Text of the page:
Article

F.J. de Hen

Article

K.A. Gourlay

revised by Peter Cooke

Horn ensemble of eastern Africa. Amakondere is a term used in southern Uganda; amakondera is used in Rwanda. Both terms refer to sets of five or more side-blown horns associated traditionally with the ruling houses of Buganda, Bunyoro, Toro, Nkore, Kooki, and Rwanda. The Ganda ekkondere (sing.) is a slightly conical or irregularly shaped section of gourd with an oval embouchure near the tip and a fingerhole in the tip itself. The whole instrument is covered with cowhide. The Nkore horn is composite: both parts can be made of gourd, or it can be an animal horn with a gourd bell joined by a strip of cowhide. The instruments vary in length from 32 to 45 cm, while their width does not exceed 8 cm. The three smallest of the set played for the king of Bunyoro are heavily decorated with red, white, and blue beads and cowries. Called nyamarra...

Article

[amatambo]

Clappers of the Zulu people of southern Africa. Like the marapo of the Tswana, they are made from a pair of rib bones and are used for rhythmic song-accompaniment.

P.R. Kirby: The Musical Instruments of the Native Races of South Africa (London, 1934, 2/1965), 10, and pl.5.

See also Bones ...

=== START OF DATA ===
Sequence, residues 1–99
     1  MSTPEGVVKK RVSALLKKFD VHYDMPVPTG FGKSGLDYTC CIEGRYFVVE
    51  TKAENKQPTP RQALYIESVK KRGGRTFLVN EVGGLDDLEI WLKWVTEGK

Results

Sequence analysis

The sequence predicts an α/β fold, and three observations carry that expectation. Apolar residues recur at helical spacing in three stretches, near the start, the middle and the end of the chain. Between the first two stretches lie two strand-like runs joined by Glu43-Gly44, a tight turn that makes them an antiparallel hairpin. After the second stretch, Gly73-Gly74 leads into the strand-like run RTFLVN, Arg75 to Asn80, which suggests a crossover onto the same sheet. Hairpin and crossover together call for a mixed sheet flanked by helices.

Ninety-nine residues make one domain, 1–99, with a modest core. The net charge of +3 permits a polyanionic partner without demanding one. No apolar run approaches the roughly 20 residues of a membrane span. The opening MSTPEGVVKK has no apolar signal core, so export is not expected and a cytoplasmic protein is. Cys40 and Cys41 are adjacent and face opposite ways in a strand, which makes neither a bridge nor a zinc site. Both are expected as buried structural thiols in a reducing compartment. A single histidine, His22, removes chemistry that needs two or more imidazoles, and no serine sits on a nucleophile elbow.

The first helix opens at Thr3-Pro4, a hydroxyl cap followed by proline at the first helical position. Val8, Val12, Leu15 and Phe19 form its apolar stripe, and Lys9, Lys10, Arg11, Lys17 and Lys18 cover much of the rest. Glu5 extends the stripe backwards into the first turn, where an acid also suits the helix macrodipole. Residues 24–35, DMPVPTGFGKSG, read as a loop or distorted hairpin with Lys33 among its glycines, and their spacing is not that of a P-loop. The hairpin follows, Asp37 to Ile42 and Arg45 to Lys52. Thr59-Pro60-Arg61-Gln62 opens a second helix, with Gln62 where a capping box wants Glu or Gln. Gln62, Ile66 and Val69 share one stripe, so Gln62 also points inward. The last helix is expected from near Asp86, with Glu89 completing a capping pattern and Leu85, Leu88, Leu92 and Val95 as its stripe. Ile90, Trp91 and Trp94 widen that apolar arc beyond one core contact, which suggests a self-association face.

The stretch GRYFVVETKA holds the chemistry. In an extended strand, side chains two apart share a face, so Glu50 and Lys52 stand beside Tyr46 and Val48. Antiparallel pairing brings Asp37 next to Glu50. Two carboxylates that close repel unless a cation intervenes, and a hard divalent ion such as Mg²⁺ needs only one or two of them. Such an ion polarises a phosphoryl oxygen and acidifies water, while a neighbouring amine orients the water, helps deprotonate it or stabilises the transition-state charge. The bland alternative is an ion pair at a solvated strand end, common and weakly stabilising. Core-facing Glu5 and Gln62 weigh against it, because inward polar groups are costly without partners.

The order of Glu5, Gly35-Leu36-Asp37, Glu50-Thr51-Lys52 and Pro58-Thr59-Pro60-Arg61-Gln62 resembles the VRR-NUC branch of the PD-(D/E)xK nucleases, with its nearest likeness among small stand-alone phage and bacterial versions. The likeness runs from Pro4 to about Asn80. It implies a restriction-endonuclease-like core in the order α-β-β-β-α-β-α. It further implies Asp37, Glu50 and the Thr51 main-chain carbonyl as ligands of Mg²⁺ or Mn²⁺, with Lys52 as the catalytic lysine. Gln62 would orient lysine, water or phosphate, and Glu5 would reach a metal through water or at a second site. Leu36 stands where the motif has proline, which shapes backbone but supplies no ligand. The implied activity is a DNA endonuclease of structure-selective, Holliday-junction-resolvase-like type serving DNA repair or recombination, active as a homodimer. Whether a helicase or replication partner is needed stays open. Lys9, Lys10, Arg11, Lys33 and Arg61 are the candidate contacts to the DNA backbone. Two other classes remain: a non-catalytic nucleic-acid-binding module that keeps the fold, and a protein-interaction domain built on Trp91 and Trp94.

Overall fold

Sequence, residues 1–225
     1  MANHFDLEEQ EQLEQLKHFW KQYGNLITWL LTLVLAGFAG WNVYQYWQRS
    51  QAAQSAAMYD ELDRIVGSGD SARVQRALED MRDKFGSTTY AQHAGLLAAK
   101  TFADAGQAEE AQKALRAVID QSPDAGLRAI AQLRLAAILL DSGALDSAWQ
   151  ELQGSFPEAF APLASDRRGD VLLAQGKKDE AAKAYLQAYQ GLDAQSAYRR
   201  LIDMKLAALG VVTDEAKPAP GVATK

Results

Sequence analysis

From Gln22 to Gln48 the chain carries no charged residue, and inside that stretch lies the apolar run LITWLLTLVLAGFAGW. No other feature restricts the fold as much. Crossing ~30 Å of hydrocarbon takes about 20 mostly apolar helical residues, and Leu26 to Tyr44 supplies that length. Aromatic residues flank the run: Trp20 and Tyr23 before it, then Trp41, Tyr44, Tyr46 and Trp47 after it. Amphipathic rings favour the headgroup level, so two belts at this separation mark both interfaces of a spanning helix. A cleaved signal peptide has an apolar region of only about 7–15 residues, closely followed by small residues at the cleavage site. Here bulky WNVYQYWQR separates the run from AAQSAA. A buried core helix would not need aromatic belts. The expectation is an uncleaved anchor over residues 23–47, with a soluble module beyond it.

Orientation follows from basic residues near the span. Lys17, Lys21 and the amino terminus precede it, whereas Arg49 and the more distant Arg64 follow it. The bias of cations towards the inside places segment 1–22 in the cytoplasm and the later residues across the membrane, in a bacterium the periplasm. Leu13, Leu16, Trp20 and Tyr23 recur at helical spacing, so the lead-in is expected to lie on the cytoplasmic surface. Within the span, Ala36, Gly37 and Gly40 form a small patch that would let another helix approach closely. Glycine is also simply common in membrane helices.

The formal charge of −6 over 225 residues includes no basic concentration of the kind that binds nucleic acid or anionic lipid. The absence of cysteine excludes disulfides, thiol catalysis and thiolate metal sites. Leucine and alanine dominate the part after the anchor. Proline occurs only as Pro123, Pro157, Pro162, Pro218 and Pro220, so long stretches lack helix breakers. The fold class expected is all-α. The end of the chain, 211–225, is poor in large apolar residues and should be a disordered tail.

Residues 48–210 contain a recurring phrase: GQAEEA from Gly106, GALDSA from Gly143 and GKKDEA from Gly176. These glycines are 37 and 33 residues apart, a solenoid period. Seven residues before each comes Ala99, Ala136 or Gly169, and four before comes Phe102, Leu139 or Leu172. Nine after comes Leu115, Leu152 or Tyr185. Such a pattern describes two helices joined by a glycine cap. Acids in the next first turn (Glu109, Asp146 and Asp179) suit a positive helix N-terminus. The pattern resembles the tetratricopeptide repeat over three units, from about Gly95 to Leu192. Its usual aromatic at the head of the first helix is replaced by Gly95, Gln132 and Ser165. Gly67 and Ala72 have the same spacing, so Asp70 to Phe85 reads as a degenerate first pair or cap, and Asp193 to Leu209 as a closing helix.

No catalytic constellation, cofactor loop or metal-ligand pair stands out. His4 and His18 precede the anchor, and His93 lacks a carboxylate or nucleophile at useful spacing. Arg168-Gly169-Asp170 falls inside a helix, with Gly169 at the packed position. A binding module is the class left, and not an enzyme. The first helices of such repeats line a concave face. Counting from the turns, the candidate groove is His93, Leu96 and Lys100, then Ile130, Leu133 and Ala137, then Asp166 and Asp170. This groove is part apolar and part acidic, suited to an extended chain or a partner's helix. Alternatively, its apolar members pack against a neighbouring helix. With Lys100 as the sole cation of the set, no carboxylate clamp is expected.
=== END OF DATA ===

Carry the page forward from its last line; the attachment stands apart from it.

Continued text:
Article

Ambimbo  

F.J. de Hen

[nambimbo]

Wooden whistle of the Makere of the Democratic Republic of the Congo. There are two types: a cylindrical, stopped whistle threaded onto a cord or wire either singly or in a set, and a whistle with a slender conical bore. These are probably used for hunting and signalling. (LaurentyA...

Article

Amor  

F.J. de Hen

Drum of the Alur of eastern Democratic Republic of the Congo, reserved for the use of the king. The two cowhide heads are laced together with leather thongs on the wooden shell. It is beaten with two sticks, or by two men each beating one head with two sticks. (...

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Amponga  

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Andzolo  

F.J. de Hen

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Jeremy Montagu